The Gaensemarkt Passage is an indoor shopping area - a glass roofed mall - with various shops and cafes on two levels. According to the website geese were never actually sold here so there is some mystery as to how it got it's name!
What to buy: Clothes seemed especially cheap, but I rarely buy anything on my trips as I can't be bothered to carry extra stuff in my rucksack.
What to pay: Seemed cheaper than the UK
Die Teekiste is an interesting shop that I found accidentally, when walking through Hamburg. You may buy all sorts of tea there and they have the biggest collection of accessories around tea that I saw so far. Just take a look at my pictures, I never saw such funny tea-pots before. they also ship tea and the accessories - see their web-page !
The shop is just a few meters from St.Jacobi-church
in Mohlenhofstrasse 8
it is open Monday-Friday 10.00a.m.-06.00p.m.
and saturday between 10.00a.m. and 02.00p.m.
What to buy: Get such a funny tea-pot , it certainly makes a perfect souvenir.
What to pay: The lovely bus or the camping-trailer-teapot on my 2nd picture are about 60 euros !
What makes it so special? well, it is nothing new anymore to find special shops just for condoms & Co, but it is neither too usual.
Special is as well a little offer in the shop window: there is this shopping bag called jumbo size condom ;-) ....if anyone can proof that his "sausage" fits this condom he gets 100Euro from the store....so boys...run and check out ;-D
What to buy: All kind of condoms and other toys
little shops you often can´t enter, there is just enough place for one person inside with all articles around.
What to buy: you get here alcoholic and non alcoholic drinks, snacks, cigarettes, chewing gums, city maps and machine oil!
What to pay: a bit more than in supermarkets
In the multi-cultural neighborhood of Altona, you can find SWOYAMBHU, a gem of a shop that sells clothing and gift items from Nepal. Named after a neighborhood in the city of Khatmandu, SWOYAMBHU has a new age feel to it, with an nice selection of incense, crystals, eastern water pipes, Hindu and Buddhist statues, exotic jewelry, and traditional style Nepalese jackets, sweaters, hats, ect. They also have an incredible assortment of Nepalese picnic blankets, sarongs, and women's scarves. One of the cutest, and perhaps, quirkiest items that they offer are handmade houseshoes and hats (for about $15) that look like elf clothing, or perhaps something that "The Joker" would wear as pictured on a playing card, really charming. Ask for the manager, Uman. He's from Khatmandu and a really nice young man.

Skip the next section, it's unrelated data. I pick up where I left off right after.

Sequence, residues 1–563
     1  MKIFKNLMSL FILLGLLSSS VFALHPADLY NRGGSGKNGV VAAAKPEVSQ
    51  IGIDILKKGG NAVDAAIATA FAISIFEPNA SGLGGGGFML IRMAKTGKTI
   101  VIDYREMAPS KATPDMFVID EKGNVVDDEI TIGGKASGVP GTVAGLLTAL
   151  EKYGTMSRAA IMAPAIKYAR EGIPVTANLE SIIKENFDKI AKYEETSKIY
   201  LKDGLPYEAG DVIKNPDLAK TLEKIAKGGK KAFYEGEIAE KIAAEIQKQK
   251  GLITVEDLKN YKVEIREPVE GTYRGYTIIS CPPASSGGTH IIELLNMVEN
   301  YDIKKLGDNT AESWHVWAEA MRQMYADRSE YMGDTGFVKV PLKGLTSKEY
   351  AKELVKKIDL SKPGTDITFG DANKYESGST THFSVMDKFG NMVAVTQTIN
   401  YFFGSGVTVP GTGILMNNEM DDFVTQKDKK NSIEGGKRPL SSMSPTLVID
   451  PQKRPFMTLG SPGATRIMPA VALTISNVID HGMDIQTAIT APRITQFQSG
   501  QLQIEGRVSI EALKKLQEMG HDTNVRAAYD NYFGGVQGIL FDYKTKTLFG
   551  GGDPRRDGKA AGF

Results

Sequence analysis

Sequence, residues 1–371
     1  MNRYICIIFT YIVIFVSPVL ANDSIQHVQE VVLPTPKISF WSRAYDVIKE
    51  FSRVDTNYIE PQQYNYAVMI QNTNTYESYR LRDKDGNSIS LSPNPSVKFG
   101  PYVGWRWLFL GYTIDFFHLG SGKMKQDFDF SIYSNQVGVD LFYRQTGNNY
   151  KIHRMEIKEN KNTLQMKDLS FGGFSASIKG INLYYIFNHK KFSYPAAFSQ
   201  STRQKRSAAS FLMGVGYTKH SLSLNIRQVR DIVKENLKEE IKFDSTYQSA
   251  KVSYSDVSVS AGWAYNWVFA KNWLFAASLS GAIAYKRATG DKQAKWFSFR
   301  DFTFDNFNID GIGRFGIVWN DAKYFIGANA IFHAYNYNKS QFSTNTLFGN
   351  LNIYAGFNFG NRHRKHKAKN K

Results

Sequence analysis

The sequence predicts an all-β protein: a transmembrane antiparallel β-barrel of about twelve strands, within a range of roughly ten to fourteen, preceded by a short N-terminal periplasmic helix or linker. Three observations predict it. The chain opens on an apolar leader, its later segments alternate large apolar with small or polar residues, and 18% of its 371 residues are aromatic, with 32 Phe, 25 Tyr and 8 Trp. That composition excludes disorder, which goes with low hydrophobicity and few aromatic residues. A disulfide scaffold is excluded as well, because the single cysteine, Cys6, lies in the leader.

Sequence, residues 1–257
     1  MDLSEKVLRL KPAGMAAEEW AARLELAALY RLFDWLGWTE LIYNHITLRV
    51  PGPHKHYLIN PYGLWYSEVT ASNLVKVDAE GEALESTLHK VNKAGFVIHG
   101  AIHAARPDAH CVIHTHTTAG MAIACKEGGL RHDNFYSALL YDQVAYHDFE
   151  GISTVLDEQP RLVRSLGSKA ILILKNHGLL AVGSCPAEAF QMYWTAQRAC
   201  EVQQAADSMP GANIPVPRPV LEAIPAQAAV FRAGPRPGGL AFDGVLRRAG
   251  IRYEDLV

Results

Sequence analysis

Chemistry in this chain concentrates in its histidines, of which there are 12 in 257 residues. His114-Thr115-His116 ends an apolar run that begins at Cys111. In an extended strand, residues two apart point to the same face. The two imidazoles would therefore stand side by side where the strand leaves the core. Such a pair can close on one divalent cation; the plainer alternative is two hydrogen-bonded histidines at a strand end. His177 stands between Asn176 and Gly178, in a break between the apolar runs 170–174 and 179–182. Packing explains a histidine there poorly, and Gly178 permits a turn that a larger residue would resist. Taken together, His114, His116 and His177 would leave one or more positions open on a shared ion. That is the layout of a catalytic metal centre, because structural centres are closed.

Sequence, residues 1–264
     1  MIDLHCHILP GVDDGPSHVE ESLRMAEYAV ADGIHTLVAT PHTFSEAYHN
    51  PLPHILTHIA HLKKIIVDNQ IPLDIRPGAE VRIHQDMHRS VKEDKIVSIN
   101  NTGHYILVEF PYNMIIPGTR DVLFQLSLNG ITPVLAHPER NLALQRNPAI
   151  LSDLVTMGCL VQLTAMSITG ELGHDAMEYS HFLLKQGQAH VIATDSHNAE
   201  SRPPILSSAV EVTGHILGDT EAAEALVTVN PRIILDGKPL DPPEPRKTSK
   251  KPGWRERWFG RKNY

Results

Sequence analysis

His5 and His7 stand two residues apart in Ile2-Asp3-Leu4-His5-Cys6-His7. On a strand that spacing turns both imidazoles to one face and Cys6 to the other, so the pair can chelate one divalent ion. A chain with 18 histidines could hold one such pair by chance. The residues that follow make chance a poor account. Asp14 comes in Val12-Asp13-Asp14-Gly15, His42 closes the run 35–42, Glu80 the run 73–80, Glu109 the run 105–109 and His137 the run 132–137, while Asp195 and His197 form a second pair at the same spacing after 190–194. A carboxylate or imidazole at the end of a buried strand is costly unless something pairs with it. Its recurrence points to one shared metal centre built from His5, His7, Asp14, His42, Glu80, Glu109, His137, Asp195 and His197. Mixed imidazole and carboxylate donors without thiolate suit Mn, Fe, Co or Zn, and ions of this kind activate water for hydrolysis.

What to pay: Incense from 1-8 Euro, exotic rings from 10-30 Euro, elf hats & shoes about 15 Euro, fruit flavored tobacco 3,50 Euro printed sarongs, blankets, & scarves about 10-35 Euro....
Mönckeberg Street is definitely one of Germany's best shopping streets. It runs from the central train station (Hauptbahnhof) to the City Hall and is largely pedestrianised. Only buses and taxis are allowed to use the small driveway between the wide walkways. Nearly all major retail chains have large stores here, including Europe's largest department store for consumer electronics.
In addition to downtown Hamburg, there are large malls in nearly all parts of town.
What to buy: Everything you can possibly think of -- the Kaufhof and Karstadt department stores have good deli supermarkets. Other luxury items are rather found in the noble shopping quarter between the Canals right behind the City Hall.
THIS SHOP HAS CLOTHS AND ACCESSORIES FOR OLD AND YOUNG, WOMEN AND MEN. THE PRICES ARE FAIRLY CHEAP BUT THE MATERIAL AND STUFF IS FAIRLY GOOD.
What to buy: AT C&A YOU CAN GET ANYTHING WITH REGARDS TO CLOTHS YET IF ANY WARM CLOTHS ARE NEEDED FOR THE WINTER IF YOUR HOLIDAY IS IN THAT COLD SEASON I SUGGEST YOU VISIT THIS SHOP FOR GOOD QUALITY JACKETS AND WARM STUFF AND GOOD PRICES...
What to pay: VERY REASONABLE PRICES
Years ago when I lived in Germany as a child every three months or so there would be a junk day. Families would take whatever they didnt want and place it out on the street in front of their houses. The neighbors would then walk around the neighborhood and take whatever was still useful out of the pile. A friend of mine found a whole bunch on barely used baby furniture once. Too bad junk days arent allowed anymore, yard sales arent permitted but instead there is the ever popular Flohmarkt ( flea market.)
You will find these either sponsored by churches, schools, and neighborhoods which are held at various times through the year. There are also some regularly scheduled ones which take place on Sundays. People can rent a space, put up a table and sell their old things, crafts, baked goods, or whatever else they can think of.